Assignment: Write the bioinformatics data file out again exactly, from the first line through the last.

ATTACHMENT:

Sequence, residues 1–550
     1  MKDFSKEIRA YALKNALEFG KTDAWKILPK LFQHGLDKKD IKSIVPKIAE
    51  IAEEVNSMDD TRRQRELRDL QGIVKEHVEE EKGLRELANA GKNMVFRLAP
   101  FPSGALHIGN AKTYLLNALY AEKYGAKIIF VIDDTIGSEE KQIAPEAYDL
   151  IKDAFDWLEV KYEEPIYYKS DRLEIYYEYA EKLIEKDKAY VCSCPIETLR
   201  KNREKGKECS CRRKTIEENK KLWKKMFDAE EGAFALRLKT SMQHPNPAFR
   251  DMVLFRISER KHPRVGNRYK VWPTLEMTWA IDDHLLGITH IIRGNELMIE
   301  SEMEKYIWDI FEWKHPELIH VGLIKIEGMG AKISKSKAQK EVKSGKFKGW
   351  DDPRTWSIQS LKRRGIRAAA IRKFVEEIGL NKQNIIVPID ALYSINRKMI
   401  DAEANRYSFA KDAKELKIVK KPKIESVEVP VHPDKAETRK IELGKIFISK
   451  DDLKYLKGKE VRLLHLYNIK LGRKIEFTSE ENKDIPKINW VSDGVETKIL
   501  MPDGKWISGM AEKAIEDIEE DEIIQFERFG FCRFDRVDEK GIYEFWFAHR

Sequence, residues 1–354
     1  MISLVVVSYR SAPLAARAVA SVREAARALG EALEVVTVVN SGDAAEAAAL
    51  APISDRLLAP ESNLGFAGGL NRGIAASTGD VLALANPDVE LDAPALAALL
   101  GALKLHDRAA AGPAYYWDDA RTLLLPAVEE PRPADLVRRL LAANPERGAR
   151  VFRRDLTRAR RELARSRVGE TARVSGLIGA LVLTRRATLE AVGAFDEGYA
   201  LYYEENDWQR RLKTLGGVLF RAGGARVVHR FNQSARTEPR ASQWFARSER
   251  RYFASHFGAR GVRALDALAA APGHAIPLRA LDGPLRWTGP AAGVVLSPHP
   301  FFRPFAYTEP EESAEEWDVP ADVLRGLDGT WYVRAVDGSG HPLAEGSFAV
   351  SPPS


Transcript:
Sequence, residues 1–550
     1  MKDFSKEIRA YALKNALEFG KTDAWKILPK LFQHGLDKKD IKSIVPKIAE
    51  IAEEVNSMDD TRRQRELRDL QGIVKEHVEE EKGLRELANA GKNMVFRLAP
   101  FPSGALHIGN AKTYLLNALY AEKYGAKIIF VIDDTIGSEE KQIAPEAYDL
   151  IKDAFDWLEV KYEEPIYYKS DRLEIYYEYA EKLIEKDKAY VCSCPIETLR
   201  KNREKGKECS CRRKTIEENK KLWKKMFDAE EGAFALRLKT SMQHPNPAFR
   251  DMVLFRISER KHPRVGNRYK VWPTLEMTWA IDDHLLGITH IIRGNELMIE
   301  SEMEKYIWDI FEWKHPELIH VGLIKIEGMG AKISKSKAQK EVKSGKFKGW
   351  DDPRTWSIQS LKRRGIRAAA IRKFVEEIGL NKQNIIVPID ALYSINRKMI
   401  DAEANRYSFA KDAKELKIVK KPKIESVEVP VHPDKAETRK IELGKIFISK
   451  DDLKYLKGKE VRLLHLYNIK LGRKIEFTSE ENKDIPKINW VSDGVETKIL
   501  MPDGKWISGM AEKAIEDIEE DEIIQFERFG FCRFDRVDEK GIYEFWFAHR

Sequence, residues 1–354
     1  MISLVVVSYR SAPLAARAVA SVREAARALG EALEVVTVVN SGDAAEAAAL
    51  APISDRLLAP ESNLGFAGGL NRGIAASTGD VLALANPDVE LDAPALAALL
   101  GALKLHDRAA AGPAYYWDDA RTLLLPAVEE PRPADLVRRL LAANPERGAR
   151  VFRRDLTRAR RELARSRVGE TARVSGLIGA LVLTRRATLE AVGAFDEGYA
   201  LYYEENDWQR RLKTLGGVLF RAGGARVVHR FNQSARTEPR ASQWFARSER
   251  RYFASHFGAR GVRALDALAA APGHAIPLRA LDGPLRWTGP AAGVVLSPHP
   301  FFRPFAYTEP EESAEEWDVP ADVLRGLDGT WYVRAVDGSG HPLAEGSFAV
   351  SPPS